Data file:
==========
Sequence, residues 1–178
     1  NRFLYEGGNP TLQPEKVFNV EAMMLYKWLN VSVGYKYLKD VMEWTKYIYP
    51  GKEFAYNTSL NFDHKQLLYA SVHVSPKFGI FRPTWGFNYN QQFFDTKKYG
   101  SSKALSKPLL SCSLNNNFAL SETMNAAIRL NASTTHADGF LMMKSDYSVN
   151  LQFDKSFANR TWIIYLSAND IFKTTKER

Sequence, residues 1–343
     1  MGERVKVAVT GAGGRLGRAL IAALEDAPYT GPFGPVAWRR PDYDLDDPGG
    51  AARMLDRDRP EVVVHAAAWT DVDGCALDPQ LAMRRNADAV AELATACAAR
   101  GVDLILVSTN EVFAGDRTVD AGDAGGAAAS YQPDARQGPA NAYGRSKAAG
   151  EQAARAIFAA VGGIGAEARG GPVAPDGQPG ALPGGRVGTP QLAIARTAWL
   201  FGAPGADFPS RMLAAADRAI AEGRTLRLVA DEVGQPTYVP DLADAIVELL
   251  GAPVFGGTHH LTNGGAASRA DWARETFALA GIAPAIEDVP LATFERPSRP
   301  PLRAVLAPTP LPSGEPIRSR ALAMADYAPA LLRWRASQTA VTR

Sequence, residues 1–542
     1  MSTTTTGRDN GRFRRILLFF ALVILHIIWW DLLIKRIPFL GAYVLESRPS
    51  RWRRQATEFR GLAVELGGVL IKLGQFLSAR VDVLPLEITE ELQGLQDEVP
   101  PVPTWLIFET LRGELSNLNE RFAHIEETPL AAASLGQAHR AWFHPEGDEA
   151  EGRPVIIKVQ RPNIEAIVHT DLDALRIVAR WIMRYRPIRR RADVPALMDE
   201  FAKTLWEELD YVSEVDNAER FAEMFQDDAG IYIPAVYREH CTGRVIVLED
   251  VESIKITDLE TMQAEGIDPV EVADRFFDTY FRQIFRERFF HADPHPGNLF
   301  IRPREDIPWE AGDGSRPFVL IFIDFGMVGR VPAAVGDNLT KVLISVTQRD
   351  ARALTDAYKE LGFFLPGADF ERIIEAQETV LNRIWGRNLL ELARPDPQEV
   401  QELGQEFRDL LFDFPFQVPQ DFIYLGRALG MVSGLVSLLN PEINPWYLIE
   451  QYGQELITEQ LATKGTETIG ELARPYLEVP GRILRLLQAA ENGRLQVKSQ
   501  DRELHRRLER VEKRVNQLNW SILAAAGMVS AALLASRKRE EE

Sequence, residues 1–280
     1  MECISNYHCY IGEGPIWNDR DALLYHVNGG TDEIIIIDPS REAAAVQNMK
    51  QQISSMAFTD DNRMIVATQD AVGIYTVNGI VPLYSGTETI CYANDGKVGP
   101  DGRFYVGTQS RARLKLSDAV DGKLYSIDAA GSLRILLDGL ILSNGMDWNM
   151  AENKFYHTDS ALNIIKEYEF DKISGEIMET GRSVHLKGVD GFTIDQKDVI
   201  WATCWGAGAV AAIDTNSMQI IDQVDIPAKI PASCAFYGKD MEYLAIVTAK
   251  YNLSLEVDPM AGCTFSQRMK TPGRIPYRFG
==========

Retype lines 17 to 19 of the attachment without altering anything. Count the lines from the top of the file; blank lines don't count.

   101  PVPTWLIFET LRGELSNLNE RFAHIEETPL AAASLGQAHR AWFHPEGDEA
   151  EGRPVIIKVQ RPNIEAIVHT DLDALRIVAR WIMRYRPIRR RADVPALMDE
   201  FAKTLWEELD YVSEVDNAER FAEMFQDDAG IYIPAVYREH CTGRVIVLED